An Ally is More Than a Companion

Recovery alone is far more difficult than recovery with support. When someone decides to end the cycle of substance abuse, an ally can be an essential tool in achieving the best outcome. An ally can help to keep the person in recovery motivated to stay the course.  

An ally is far more than just a friend or companion; however, and they do more than simply encourage people to become or remain sober. They are partners on the recovery journey, perhaps on a similar path of recovery themselves. They can be the proverbial light when the chance of recovery seems impossible. 

An Ally Is a Lens

Recovery is a reflective process. The person in recovery needs to identify the causes for their addiction and the potential triggers for relapse. An ally can help a person look at themselves in a balanced way. 

It’s easy to avoid hard questions, and this is where acting as the lens is necessary, ensuring that the person seeking sobriety looks at these questions and answers them accurately and honestly. However, as a lens an ally needs to reveal the whole picture, delicately acknowledging the parts that need confronting, while keeping the person seeking sobriety from only focusing on the negative. When someone is recovering from addiction they are trying to move away from an unbalanced and dark place that could negatively affect their self-esteem and self-image. It can be easy to slip into the negative space of their past and this is where an ally can help keep them focused on the present and moving into the future in a positive way.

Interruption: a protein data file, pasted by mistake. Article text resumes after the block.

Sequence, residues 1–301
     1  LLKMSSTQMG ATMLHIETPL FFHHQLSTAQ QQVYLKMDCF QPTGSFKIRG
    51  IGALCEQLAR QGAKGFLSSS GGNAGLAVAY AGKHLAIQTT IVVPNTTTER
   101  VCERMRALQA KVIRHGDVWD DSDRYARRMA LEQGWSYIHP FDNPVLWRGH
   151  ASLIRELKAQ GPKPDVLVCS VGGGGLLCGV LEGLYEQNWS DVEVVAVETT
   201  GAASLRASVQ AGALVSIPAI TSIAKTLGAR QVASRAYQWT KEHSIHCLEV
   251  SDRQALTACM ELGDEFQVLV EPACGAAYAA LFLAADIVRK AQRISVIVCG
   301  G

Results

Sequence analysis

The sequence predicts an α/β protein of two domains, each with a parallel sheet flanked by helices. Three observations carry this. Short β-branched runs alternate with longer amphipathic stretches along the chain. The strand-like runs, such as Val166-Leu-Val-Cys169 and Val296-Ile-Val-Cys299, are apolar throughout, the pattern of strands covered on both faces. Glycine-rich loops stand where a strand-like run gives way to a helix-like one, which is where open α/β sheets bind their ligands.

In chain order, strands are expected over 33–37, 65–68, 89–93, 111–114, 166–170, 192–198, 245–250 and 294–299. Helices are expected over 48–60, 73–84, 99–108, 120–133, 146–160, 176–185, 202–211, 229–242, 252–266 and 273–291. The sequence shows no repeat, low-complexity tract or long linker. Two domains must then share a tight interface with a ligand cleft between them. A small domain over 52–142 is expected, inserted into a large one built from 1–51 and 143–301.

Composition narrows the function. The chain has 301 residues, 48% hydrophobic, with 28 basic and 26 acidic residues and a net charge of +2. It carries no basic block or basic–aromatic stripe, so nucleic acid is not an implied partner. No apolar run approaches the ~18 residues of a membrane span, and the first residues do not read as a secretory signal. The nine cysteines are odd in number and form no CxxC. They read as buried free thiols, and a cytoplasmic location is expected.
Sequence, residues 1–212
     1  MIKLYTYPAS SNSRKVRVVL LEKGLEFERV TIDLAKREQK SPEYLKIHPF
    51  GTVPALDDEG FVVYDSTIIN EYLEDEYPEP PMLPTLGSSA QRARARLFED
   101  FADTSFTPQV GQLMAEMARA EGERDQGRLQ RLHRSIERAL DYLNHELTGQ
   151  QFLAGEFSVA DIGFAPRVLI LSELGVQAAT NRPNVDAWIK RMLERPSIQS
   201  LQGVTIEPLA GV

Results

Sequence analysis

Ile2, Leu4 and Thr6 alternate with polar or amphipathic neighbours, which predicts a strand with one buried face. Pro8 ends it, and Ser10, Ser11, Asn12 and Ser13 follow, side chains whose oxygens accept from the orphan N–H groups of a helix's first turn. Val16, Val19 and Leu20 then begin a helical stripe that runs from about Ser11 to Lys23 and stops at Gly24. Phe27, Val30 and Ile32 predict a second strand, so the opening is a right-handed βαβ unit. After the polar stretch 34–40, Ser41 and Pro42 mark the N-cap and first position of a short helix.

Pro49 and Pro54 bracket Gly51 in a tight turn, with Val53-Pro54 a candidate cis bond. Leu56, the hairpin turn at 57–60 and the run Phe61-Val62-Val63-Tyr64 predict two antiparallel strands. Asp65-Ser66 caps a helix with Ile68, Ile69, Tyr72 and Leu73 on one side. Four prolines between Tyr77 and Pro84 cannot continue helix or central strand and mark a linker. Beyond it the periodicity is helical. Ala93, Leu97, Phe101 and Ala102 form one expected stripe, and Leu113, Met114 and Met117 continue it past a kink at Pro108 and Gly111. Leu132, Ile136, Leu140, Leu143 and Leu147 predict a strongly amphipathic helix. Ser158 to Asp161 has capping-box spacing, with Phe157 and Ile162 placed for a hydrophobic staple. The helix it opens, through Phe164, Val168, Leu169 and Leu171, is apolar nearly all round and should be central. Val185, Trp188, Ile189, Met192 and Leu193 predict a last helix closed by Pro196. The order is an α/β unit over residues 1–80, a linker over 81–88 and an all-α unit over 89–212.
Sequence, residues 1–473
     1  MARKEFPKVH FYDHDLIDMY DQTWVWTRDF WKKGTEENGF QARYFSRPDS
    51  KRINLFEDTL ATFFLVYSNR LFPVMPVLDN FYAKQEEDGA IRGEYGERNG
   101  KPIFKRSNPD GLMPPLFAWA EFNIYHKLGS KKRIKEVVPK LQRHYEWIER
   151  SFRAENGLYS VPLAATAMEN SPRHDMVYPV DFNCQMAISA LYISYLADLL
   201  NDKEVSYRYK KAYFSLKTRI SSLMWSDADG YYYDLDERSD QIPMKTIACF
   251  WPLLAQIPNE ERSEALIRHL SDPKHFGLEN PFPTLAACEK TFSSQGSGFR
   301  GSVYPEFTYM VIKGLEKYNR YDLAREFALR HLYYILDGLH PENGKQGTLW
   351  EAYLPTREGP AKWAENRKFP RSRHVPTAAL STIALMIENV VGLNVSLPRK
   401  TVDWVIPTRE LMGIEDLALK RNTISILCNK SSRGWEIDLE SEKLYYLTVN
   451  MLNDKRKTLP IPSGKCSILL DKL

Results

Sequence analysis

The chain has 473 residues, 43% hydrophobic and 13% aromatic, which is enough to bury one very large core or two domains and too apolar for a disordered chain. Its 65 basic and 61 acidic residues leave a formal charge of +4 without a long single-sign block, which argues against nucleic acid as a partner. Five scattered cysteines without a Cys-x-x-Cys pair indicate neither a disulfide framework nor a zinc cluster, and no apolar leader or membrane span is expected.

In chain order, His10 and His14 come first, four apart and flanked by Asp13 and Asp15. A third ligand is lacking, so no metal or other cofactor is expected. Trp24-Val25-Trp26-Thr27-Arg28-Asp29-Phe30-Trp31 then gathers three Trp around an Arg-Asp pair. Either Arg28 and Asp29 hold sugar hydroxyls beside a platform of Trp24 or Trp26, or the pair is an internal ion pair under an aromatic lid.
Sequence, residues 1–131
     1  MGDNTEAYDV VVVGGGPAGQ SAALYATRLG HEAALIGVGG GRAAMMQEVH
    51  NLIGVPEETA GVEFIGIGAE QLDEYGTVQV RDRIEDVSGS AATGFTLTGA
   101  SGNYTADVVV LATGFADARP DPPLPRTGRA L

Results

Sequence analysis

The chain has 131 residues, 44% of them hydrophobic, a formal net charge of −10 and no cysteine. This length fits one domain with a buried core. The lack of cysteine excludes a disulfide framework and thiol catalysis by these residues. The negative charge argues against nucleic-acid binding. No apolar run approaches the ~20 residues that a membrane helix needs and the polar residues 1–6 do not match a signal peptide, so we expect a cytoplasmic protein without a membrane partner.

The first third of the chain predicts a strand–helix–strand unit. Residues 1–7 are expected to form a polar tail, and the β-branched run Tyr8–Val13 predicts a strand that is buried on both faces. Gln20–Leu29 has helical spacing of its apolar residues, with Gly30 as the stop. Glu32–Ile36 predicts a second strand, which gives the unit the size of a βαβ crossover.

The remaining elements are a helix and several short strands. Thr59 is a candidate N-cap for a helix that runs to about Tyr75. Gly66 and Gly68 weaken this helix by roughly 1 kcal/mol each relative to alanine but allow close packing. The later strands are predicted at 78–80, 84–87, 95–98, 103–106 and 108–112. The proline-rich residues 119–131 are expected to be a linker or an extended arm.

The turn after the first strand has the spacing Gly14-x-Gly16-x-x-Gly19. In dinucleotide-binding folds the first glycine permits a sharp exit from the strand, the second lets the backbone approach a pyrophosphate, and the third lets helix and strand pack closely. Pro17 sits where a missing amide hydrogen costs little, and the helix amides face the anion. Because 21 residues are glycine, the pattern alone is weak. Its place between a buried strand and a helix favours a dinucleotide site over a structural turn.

An ally as a lens can help bring in to focus the things that are most important for that person’s recovery process and help them move in the right direction for positive change.

An Ally Is a Confidant

A person in recovery can have a lot to get off their chest - years of guilt, self-doubt, trauma, and more – and an ally as a confidant can be a safe space for this person to confess anything they need to say. A good ally should be a person who can listen without judgement and without trying to provide solutions or fix the person. Simply be a safe sounding board and listening ear.

This can be one of the hardest roles as an ally. Allowing the person in recovery to get things off their chest, some of which may be hard to hear and listen to, while not judging or offering advice. But it’s important to remember that this can be a crucial step in healing and moving on from the past. 

An Ally Is an Honest Friend

As an honest friend, an ally cannot be afraid of speaking truth and telling the person in recovery things that may be hard or uncomfortable to say. An ally may be hesitant, not wanting to hurt the person, but it is sometimes necessary to be blunt and honest when a person is seeking recovery. The person in recovery needs to hear the truth or may need a wake-up call, and sugar coating or avoiding the truth will never benefit someone’s recovery process. 

Being an Ally Does Not End With Recovery 

Recovery is an ongoing process. A sober friend might still need an ally years down the road. This does not mean that an ally is obligated to supporting the person in recovery forever though. If you become an ally to someone you may find that, over time, you have also gained an ally for yourself when times get tough. 

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